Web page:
Sunday, November 11, 2018 will mark the 100th anniversary of the signing of the Armistice in Compiègne, France ending the First World War. Life Isn’t So Sweet As It Used To Be, An American in the Great War, is a compilation of the letters, recollections and poetry of Maryland Senator Millard E. Tydings covering his time as a soldier in the First World War. The book was compiled and edited by his niece Mary E. Campbell and her son John S. Campbell.
Mary and John are Wilson’s guests today on Delmarva Today: Writer’s Edition to discuss Tyding’s writings about the war.
There are a number of world events one could cite that have had a major impact on human history. The First World War is undoubtedly one of the most significant of the 20th century. It truly marked the end of the old world order. On the political side, for example, it resulted in the fall of four monarchies, and contributed to the Bolshevik rise to power in Russia in 1917.
It also marked a shattering of confidence in the way we saw ourselves and our place in the world. Glory and honor, words spoken without embarrassment in the old order were left on the battlefield where death was impersonal and indiscriminate for the nine million soldiers, sailors, and flyers it took. To this number can be added the approximately five million civilians killed.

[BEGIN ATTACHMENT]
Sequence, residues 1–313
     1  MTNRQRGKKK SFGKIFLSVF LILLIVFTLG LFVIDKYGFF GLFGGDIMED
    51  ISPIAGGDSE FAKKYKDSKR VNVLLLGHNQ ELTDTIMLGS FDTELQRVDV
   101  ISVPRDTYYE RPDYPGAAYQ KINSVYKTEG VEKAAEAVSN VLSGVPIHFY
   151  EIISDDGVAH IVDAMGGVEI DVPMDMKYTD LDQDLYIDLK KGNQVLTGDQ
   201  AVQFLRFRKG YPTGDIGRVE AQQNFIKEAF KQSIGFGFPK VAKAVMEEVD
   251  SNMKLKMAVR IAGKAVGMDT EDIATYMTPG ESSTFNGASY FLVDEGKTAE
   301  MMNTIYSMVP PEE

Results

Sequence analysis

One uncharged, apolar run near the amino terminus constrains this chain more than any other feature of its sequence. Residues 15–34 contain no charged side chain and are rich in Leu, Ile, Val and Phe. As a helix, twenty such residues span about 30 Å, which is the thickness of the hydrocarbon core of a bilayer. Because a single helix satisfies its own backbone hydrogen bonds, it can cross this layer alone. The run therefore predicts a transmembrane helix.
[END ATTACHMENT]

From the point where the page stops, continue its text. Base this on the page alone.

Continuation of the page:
Finally the end of the old order was also marked by a grand state of disillusion. The security of the future and our place as its author had never come more under question. At the dawn of the 20th century no one expected a war of this magnitude or duration. It all started with carrier pigeons for communication and horses for transport. It ended with tanks, trucks, submarines, airplanes for reconnaissance and bombing, machine guns, and poison gas. The sun had set on the old world order and confidence in the future was shattered by a war no one wanted, a war that ultimately bled into the horror of the Second World War. Click to listen.